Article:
Switch from systemd-networkd to NetworkManager

I have a working Network setup, based on systemd-networkd, which allow me to bridge to KVM guests to the “vlan trunk” or individual “vlan”, per virtual NIC.









For each vlan (vl1, vl6 and vl100), I have 4 similar files for each of them:













For each bridge, br0, br1, br6, br100, I have a xml file for them:

   <forward mode='bridge'/>
   <bridge name='br0' />

Then for each, I run
$sudo virsh net-define br0.xml

In the Guest, via virt-manager, if I want to bridge to vl100 (for PXE boot testing), I will add a NIC with Network source of Bridge device…, then enter br100 in Device Name.

It works:

  • vm0 bridge to br0, then create vlan interface in NetworkManger inside the guest to any vlan even those undefined in the host
  • vm1 bridge to vl1
  • vmA brdige to both vl100 and vl6
  • etc

All the guests seems working concurrently well enough for me.

But I know NetworkManager is the default for Fedora. So I would like to recreate my setup using nmcli.

I tried with nm-connection-editor, but only able to create br0. Then have no ideas on how to create br1, etc.


NetworkManager is really serving desktop environments (GNOME, KDE, etc.) to write higher level, easy-to-use GUI programs (It also provides CLI: nmtui, but is still aimed at easy to use by users). It is not for every advanced usage. And it’s not just “default” nor specific to fedora, it’s the only API to use by GNOME and KDE (well, networkmanager-qt wrapping for KDE).
I am not an expert on KVM network passthrough but I think you should stick to systemd-networkd. NetworkManager is really not the right tool, or maybe much harder to configure.
I am not sure about your use case: are you running a server or desktop? If you run a server, you can completely ignore NetworkManager (doesn’t need it to be installed). If you run a desktop, you have to be reminded that NetworkManger conflicts with many daemons like dhcpcd. But for your case where systemd-networkd only adds virtual networks, it shouldn’t conflict so you should leave NetworkManager behind either.


NetworkManager is more suited for dynamic desktop, laptop and mobile environments where you need to connect different WLANs and VPNs, use metered connections, track connectivity, and interact with desktop applications.

Meanwhile, your use case seems to be closer to server-specific with typical server roles such as virtualization, VLAN routing, PXE boot, etc. which are well suited for systemd-networkd, and in that case NetworkManager only adds unnecessary complexity resulting in possible errors.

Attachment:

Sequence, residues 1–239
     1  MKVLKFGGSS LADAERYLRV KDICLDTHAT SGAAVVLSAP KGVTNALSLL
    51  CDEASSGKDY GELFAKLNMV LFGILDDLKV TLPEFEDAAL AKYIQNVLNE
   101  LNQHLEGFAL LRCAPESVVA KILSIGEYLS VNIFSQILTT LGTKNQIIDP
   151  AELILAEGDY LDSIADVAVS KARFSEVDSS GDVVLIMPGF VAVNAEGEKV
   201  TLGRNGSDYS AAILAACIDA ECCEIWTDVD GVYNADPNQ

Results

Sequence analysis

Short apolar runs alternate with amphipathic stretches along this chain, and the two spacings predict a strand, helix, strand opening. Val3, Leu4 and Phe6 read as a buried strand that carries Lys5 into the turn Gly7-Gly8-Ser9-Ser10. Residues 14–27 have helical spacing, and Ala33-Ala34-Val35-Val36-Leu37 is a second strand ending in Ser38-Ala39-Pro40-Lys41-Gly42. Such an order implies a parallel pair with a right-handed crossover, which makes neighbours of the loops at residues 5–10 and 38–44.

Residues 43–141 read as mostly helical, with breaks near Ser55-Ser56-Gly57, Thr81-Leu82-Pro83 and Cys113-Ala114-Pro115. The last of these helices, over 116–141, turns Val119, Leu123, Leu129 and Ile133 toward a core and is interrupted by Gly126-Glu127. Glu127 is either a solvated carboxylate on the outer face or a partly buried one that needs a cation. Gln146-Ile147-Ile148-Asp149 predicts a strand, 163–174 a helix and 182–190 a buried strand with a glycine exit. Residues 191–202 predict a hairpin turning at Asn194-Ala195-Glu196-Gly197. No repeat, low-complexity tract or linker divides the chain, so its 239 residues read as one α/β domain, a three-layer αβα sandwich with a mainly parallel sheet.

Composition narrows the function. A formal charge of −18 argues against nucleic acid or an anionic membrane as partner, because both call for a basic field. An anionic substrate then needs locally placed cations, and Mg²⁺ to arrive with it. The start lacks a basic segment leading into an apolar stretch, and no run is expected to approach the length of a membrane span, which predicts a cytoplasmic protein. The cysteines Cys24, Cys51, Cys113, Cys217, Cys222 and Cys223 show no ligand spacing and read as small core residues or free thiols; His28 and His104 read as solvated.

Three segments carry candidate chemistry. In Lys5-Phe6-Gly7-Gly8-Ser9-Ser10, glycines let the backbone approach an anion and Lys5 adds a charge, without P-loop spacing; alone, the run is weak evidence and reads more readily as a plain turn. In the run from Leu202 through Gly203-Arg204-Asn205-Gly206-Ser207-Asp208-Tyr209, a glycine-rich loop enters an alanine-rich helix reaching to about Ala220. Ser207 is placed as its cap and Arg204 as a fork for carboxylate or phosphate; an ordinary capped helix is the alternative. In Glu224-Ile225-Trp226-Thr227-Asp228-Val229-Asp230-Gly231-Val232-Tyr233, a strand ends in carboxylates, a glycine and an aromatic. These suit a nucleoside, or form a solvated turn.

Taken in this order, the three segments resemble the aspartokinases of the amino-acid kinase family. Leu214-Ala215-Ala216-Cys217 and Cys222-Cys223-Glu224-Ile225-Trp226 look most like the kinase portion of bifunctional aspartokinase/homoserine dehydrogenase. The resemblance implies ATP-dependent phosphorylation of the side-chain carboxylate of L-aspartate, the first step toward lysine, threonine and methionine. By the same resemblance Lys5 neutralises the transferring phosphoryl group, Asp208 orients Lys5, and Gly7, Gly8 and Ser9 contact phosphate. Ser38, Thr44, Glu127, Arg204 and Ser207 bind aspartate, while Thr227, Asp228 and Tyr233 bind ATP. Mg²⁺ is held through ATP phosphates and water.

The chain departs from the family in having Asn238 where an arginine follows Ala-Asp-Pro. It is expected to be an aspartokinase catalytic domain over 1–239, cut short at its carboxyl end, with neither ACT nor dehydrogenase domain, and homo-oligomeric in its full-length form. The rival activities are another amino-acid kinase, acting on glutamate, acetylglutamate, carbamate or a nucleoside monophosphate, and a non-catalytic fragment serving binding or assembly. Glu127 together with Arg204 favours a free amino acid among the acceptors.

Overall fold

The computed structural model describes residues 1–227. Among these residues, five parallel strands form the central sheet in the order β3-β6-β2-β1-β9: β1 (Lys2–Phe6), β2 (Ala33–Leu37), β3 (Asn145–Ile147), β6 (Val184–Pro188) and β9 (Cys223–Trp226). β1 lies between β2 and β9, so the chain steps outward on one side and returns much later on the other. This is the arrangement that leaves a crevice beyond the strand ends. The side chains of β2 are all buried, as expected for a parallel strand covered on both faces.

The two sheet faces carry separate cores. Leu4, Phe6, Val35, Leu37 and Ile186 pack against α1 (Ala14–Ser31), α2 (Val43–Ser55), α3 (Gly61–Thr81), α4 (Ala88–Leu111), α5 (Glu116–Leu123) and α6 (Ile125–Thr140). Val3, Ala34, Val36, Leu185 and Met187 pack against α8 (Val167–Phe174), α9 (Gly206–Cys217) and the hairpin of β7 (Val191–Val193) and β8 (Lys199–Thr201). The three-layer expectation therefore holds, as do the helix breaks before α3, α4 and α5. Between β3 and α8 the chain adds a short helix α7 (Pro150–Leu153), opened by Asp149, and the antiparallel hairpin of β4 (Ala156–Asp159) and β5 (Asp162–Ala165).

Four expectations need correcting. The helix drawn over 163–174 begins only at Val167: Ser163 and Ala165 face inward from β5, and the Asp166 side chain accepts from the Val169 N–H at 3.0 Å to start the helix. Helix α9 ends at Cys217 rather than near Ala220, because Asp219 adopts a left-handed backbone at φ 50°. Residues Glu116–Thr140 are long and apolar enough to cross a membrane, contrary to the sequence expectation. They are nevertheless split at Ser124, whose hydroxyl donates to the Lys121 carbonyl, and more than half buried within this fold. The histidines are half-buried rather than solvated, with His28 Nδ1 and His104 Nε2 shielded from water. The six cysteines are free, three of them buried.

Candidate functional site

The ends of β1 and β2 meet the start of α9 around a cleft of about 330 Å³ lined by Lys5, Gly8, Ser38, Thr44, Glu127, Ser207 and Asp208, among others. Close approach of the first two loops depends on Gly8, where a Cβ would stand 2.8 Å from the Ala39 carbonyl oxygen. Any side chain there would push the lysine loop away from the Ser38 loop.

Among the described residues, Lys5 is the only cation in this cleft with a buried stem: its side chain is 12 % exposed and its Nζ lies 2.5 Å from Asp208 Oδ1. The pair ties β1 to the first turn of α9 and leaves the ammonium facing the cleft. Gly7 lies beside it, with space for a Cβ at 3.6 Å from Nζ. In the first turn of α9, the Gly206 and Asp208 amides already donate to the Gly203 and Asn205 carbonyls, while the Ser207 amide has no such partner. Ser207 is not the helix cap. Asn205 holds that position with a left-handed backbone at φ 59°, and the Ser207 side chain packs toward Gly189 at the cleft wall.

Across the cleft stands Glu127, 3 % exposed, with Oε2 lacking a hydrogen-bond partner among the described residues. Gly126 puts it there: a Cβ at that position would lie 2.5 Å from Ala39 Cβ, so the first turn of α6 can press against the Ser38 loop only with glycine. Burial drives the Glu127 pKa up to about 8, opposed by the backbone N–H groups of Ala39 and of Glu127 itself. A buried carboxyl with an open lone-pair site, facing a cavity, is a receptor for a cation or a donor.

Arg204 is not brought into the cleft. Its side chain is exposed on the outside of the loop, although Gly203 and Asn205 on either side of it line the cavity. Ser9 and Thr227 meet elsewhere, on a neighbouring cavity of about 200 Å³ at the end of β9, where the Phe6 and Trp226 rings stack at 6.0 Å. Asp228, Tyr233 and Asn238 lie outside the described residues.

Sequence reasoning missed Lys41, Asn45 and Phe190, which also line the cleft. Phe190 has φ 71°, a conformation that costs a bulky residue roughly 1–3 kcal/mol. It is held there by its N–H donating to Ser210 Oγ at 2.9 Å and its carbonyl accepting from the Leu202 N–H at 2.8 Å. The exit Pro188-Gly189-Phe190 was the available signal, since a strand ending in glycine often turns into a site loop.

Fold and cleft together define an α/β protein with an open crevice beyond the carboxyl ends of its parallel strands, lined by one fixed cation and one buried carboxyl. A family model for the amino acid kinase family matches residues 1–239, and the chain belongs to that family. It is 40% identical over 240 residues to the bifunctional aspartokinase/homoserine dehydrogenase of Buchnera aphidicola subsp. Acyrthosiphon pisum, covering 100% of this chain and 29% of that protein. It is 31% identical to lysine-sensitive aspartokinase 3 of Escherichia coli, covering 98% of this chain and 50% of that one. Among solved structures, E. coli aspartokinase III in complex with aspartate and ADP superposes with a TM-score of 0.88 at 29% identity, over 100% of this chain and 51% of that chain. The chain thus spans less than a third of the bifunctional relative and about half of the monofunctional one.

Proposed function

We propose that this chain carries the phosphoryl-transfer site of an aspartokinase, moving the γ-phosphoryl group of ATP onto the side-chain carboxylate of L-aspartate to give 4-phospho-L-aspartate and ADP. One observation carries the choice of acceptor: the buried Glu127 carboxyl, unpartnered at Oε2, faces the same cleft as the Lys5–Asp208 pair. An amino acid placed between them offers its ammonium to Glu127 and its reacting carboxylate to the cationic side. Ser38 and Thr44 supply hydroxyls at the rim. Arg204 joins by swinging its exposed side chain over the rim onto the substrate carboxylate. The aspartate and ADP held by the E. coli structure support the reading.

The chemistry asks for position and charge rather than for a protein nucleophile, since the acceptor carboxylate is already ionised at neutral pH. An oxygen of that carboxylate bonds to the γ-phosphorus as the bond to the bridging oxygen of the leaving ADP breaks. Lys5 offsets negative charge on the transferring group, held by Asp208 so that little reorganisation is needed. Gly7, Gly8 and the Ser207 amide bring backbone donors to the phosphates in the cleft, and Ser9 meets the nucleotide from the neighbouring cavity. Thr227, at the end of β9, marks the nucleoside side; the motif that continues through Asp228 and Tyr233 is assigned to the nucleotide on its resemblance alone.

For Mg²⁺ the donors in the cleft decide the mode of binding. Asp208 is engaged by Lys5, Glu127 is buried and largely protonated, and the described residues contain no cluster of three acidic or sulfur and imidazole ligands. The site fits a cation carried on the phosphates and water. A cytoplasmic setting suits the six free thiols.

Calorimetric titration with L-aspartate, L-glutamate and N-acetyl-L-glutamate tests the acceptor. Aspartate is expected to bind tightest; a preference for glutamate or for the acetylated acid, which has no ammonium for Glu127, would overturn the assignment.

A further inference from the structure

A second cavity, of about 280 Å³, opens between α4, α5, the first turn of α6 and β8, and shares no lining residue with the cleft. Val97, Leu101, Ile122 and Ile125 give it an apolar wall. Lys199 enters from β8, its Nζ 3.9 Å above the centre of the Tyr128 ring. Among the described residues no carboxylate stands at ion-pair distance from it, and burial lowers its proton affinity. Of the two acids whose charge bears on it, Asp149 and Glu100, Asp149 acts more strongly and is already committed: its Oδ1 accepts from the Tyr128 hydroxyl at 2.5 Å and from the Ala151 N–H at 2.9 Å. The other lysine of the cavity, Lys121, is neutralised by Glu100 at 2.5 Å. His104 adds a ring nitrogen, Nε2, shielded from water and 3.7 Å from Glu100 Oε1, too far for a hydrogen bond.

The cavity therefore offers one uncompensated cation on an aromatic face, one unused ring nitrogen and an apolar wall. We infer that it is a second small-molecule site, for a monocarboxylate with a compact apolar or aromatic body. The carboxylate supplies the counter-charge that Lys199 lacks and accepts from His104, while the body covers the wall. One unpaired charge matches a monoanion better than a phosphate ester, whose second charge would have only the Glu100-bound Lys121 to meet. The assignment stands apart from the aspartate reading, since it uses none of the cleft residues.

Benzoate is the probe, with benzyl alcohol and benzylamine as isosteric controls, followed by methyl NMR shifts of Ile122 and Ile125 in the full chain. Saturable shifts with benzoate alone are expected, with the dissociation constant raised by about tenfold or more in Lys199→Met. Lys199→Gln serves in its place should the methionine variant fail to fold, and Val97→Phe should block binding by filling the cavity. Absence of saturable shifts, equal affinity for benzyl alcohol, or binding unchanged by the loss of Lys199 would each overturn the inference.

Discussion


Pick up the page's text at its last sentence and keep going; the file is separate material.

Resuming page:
I have experience with both NetworkManager and systemd-networkd for server-like use cases for several years, and NetworkManager failed me more than once, sometimes even due to serious bugs which were open for months.


Thanks for the inputs!

I want to know how to recreate the setup in NetworkManager, becase I want to:

  1. Learn to do things in the “Fedora Way”
  2. Duplicate the Network setup to my first personal Notebook (a n-th hand Dell Vostro 3350 upgraded to 8GB memory+256GB SSD, but sadly not supporting UEFI. Still can run a few KVM guests.)
  3. Now my Dell Notebook become my playground, my Fedora Desktop can take up more “production” roles.

My Desktop setup is in systemd-networkd, as I can Google more configuration examples that I can “copy and paste”.

Yes, I leave NM running to manage the Wifi adaptor only - iwd+systemd-networkd in Fedora is still too hard for me. In case I mess up with the Network setting too much, I can fireup my Wifi connection via NM to resume Internet Access quickly.

Base on my limited experience, I intended to stick with systemd-networkd for my vLAN Trunk, systemctl wg-quick@.service for WireGuard and NM for Wifi at my Desktop. Once I managed to use iwd+networkd, I will disable NM.

While for my Notebook, I will try to use NM only + wg-quick for WireGuard.

My main use case is to learn Linux / Fedora.

Years ago, I converted a Windows MSSQL cluster w/ DAS + Terminal Server front ends to VMWare cluster w/ iSCSI + Virtualized TS, then further split TS to one instance per Language Group in the same VMWare cluster.

This is my IT skill background, and that is why I play with KVM/iSCSI/vLAN a lot.

My “production” use for my Desktop in mind are:

  • provide Windows VM for RDP access, for my kids school needs (so far there is none)
  • provide dedicated Windows VM for my wife - she is not even willing to try using macOS with her iPhone
  • consolidate all Photos / Videos taken by mobile phones. Allow easy access to the archive so that they can be searched, tagged, etc.
  • as a Storage Server so that Notebooks can store backups
  • Allow iPhone / Android to do sync

It will take me years to get those done, but I will keep trying.

1 Like